Atlanta Race Riot, 1906
The Atlanta race riot took place Sept. 22-24, 1906. The Georgia city had become a hub for the regional economy. The growth of the Black population reflected this economic opportunity, growing from 9,000 in 1880 to 35,000 by 1900. This growth pitted Blacks and whites against each other, competing for scarce jobs.
As the Black elite class began to grow, whites attempted to thwart their progress, blaming Blacks for increased violence against white women and rising crime rates. The riot began Sept. 22 when Atlanta newspapers reported four alleged assaults on local white women. A mob formed on Decatur Street, home to many Black businesses, and initiated an attack on hundreds of Blacks. The state militia controlled the mob after Blacks were driven off the streets by the violence.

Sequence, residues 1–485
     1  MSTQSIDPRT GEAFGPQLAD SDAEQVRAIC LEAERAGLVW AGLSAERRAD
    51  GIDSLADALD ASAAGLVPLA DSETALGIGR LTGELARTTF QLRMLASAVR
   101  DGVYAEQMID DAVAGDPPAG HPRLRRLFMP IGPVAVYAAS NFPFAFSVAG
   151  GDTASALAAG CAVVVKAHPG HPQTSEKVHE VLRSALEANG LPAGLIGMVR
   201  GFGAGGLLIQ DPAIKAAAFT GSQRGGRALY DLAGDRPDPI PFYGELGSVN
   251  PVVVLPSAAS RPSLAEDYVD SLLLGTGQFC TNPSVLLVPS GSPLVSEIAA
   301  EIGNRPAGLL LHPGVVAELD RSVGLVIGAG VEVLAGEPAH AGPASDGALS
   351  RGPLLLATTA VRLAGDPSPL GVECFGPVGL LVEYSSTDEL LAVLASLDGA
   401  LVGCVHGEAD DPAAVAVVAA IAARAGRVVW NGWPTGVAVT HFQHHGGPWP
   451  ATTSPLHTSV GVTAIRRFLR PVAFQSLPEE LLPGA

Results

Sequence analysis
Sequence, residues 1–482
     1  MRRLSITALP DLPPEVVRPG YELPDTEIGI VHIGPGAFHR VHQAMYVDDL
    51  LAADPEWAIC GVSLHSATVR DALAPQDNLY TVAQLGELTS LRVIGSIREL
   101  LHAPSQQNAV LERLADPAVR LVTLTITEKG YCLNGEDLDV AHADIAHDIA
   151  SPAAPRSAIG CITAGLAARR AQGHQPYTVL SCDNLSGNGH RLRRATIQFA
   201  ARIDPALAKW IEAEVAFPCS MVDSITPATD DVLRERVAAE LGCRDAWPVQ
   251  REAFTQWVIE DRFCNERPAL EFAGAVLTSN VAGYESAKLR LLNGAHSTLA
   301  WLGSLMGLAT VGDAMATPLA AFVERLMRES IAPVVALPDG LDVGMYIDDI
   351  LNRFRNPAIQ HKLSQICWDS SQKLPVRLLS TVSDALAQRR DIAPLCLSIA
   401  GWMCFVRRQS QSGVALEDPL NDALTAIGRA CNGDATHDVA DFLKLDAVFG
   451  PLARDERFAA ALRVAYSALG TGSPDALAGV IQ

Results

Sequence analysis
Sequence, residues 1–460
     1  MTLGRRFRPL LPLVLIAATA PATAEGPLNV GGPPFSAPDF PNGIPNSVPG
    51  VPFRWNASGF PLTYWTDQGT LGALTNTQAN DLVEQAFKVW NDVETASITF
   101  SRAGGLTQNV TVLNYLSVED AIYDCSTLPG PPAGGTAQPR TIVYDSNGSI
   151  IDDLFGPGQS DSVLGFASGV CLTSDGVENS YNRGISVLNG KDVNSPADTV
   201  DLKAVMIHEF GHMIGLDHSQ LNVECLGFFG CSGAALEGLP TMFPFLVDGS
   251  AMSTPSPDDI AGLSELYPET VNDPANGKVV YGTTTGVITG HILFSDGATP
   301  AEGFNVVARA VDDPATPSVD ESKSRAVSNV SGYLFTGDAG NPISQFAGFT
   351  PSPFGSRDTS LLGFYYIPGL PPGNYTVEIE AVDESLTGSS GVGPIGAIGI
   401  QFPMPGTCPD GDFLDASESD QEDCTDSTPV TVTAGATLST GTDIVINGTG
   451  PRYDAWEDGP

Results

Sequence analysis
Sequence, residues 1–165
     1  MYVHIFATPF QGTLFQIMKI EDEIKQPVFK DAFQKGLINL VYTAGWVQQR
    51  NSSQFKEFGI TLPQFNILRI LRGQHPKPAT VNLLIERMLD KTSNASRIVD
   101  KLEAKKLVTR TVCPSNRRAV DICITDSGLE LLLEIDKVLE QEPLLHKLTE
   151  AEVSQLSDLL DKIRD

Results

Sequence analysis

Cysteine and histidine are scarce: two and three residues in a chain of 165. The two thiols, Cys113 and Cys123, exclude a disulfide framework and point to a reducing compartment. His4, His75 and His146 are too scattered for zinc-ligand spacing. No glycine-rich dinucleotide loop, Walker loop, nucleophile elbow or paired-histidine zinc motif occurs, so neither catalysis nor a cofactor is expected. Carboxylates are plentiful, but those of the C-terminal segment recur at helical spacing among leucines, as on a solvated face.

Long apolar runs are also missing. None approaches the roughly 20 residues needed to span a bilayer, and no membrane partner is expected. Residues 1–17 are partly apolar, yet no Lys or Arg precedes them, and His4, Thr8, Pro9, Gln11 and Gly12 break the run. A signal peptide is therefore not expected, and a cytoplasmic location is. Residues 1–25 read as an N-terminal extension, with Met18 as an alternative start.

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Police reported an estimated 25 to 40 African-Americans and two whites died. Blacks and their businesses were driven to the eastern part of the city. The Ku Klux Klan made its return to Atlanta shortly after the riot with a membership of more than 15,000 in the city.